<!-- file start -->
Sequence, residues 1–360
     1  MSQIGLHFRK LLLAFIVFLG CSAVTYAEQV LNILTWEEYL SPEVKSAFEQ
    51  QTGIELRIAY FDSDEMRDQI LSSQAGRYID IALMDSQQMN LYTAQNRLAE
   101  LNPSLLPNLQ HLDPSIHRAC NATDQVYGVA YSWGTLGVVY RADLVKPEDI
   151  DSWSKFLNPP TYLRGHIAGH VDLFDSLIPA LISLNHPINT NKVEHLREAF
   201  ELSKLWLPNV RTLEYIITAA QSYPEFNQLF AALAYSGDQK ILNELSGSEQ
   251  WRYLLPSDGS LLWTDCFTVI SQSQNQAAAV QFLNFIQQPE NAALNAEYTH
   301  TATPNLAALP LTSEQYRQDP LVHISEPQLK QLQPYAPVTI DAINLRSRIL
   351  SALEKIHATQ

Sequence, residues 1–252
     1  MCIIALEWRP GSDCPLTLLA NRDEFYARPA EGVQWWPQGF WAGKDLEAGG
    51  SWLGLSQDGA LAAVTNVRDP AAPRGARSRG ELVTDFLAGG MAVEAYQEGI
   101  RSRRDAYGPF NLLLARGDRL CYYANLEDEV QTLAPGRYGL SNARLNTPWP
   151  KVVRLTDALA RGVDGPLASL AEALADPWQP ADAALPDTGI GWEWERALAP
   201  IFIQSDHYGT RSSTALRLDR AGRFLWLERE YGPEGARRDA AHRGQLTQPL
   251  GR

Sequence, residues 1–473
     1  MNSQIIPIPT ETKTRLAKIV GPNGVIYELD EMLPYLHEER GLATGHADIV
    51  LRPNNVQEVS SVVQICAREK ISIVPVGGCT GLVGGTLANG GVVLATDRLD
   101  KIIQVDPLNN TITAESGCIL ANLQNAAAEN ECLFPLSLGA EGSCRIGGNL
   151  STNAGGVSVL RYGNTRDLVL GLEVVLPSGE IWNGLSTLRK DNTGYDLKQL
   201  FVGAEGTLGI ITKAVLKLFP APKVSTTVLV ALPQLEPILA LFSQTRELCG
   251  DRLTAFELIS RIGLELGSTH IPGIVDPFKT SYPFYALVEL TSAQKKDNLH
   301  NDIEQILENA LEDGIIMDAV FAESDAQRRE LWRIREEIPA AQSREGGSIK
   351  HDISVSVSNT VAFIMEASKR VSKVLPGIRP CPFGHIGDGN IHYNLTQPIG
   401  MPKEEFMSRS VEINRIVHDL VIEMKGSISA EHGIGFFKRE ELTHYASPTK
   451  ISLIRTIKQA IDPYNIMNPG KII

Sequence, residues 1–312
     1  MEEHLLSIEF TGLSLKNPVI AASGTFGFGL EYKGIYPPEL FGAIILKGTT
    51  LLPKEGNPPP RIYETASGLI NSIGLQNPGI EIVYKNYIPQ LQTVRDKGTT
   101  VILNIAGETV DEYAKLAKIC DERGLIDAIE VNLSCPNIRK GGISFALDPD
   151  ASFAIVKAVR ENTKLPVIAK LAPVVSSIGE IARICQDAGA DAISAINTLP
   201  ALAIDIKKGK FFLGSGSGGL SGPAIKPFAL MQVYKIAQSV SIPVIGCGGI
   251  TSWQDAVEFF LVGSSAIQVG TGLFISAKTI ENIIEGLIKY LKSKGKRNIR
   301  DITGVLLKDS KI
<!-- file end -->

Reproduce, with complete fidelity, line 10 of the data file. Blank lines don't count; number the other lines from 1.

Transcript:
Sequence, residues 1–252